Sandra M. Greenberg (Kenya 1966-68)
WHEN LES AND I WENT into the conference we were as discouraged as anybody – the preceding week was not at all a good one in terms of work – we had been told outright that money used for visual aids was money that should be spent on shows – which, of course, meant: no visual aids at all; no educational effort on our part; no fulfilling on one of the – or our – Peace Corps aims to help in education – that all we would have to show for our two years would be having done a bunch of shows, which we didn’t feel were all that important or necessary. We could only hope that we could get them to agree at the start of the next fiscal period that money should be set aside for VAs separate and apart from that used for shows. But that still wouldn’t get us anything to show for our time.
By the time we came out of the conference we decided that maybe our contributions here would be just to get the system set up so that there is a separate budget for visual aids, so that whoever follows us can get things out, with out having to try and fight for the funds every time.
The two ahead of us produced a lot, but left no system whatsoever for continuing production or distribution. Their whole effort was based on the way they got along with one person, who is no longer here. So we decided maybe in terms of Kenya, since it does and will continue to operate on a very bureaucratic system, we may do more by establishing a procedure for others to follow. When it gets to the point of an African for this job, they just aren’t going to immediately find one able to handle the actual art and production and visual aids work and also able to handle finances and the constant hassle to get funds and establish procedure. This is just the way the situation is here – and I presume in most developing countries. They are all so terribly short of the qualified manpower they need in today’s world.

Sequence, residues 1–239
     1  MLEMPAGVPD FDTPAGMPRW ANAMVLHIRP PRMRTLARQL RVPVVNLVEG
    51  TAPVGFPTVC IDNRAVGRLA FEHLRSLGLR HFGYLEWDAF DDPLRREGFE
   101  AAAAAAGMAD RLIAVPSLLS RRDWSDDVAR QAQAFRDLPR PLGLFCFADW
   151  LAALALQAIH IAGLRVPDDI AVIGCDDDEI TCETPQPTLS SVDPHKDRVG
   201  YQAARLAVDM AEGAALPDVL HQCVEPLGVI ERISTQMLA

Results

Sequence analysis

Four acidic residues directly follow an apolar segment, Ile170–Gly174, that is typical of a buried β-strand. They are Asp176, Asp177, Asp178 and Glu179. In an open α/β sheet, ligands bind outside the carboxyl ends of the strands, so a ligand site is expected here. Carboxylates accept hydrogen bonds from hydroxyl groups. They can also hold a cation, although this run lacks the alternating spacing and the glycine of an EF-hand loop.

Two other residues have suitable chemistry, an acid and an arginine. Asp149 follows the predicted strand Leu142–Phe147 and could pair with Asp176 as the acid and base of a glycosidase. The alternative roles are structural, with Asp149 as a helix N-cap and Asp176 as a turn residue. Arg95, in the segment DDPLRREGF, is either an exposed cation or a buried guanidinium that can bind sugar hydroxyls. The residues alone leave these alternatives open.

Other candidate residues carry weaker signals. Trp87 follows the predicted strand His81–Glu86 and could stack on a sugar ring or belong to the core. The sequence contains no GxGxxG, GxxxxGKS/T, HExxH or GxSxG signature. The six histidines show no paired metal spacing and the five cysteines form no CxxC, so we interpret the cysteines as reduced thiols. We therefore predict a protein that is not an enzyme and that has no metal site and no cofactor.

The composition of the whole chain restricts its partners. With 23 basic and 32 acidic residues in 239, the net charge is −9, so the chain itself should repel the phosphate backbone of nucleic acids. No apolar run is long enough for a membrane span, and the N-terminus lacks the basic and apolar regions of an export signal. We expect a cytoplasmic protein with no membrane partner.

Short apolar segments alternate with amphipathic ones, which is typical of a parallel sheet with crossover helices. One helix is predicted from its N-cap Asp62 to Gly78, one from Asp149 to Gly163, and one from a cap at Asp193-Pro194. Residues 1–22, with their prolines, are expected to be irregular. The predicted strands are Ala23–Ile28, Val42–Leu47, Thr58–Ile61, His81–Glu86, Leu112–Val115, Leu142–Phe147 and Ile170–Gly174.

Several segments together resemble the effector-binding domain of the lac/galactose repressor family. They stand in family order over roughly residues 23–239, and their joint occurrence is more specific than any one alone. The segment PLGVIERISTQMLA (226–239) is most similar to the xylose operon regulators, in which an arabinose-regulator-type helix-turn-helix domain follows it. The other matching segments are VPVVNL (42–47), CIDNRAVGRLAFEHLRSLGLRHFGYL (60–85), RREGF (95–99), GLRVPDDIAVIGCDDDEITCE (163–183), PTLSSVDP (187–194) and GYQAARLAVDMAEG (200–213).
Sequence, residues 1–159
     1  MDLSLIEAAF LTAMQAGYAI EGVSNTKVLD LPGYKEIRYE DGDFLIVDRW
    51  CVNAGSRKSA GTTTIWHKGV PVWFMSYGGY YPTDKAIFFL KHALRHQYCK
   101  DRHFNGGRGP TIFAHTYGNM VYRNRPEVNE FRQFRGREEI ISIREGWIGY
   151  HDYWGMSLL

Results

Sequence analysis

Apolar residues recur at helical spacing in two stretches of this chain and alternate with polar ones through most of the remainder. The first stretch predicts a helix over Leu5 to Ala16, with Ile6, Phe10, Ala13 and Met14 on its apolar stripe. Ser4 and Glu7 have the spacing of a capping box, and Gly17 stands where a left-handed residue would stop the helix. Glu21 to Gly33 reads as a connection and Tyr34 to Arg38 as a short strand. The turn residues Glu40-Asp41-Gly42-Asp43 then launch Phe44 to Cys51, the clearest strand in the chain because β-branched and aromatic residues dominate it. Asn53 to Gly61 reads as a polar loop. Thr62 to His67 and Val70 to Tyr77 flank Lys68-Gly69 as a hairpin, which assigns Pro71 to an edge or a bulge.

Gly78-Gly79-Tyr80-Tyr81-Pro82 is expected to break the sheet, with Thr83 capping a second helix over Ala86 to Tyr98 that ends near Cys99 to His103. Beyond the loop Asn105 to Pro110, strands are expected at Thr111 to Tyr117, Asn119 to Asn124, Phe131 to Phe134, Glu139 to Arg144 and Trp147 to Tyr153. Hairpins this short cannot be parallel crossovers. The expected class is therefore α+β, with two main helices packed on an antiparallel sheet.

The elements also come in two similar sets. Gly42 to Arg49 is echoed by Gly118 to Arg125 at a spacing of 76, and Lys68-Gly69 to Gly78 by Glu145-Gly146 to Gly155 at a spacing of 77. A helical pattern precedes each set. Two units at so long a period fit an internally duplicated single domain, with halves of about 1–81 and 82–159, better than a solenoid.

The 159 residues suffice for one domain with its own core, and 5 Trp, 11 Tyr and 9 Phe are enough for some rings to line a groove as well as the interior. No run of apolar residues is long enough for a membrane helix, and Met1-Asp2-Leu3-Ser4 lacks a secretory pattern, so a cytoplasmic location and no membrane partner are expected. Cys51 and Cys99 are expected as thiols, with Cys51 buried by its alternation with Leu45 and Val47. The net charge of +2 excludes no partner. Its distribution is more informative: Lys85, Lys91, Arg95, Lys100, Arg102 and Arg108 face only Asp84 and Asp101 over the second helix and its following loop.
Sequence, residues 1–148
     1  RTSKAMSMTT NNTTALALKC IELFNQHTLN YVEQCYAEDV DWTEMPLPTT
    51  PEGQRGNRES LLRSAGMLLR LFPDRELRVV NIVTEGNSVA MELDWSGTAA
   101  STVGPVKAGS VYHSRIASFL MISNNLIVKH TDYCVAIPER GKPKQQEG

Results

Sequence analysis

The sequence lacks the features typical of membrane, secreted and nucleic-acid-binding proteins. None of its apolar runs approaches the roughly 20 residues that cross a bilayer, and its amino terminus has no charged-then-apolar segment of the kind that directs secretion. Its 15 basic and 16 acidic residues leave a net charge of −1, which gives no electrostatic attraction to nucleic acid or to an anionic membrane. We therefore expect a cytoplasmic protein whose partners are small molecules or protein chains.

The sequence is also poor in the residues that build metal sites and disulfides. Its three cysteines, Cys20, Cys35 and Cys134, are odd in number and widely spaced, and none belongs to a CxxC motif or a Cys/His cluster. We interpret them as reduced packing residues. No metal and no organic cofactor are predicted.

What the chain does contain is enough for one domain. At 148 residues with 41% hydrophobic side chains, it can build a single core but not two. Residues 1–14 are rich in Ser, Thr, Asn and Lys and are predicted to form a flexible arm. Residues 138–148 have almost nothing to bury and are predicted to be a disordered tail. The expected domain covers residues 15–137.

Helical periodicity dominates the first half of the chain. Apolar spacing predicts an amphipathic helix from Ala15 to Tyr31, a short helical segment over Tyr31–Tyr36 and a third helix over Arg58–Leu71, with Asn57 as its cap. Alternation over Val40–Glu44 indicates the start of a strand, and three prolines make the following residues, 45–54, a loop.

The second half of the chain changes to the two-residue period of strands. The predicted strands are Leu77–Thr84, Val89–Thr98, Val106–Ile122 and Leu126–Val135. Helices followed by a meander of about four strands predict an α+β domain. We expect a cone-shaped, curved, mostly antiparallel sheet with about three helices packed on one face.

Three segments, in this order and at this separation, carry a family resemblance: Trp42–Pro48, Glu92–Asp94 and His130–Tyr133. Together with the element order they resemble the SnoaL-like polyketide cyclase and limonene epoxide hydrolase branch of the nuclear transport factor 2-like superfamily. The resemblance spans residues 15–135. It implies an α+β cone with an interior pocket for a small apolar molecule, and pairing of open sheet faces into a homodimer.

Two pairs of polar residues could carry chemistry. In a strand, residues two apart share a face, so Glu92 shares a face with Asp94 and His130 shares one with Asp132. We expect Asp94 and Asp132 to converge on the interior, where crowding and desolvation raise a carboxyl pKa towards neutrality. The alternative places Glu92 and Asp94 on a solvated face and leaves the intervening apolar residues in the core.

It doesn’t mean we are going to try to do less – if anything it has rejuvenated us – but we may have to be satisfied with less, and I think there is quite a bit of difference there.
After all the problems I told you about with our work just before the conference, I’d better tell you the situation now. Yesterday Les went to see the DDS, who told us no money. Well, the two of them sat down with the budgetary controller, and decided how much could be spent for the next couple of shows, that there is no money for visual aids now, but that visual aids and shows should be completely separate – that shows are publicity, and VAs are education and that separate money should be set aside exclusively for visual aids, that money for should be allocated to the people in the areas of the shows because people have to learn to have the responsibility. We decided one day you’re down – the next day you’re up!
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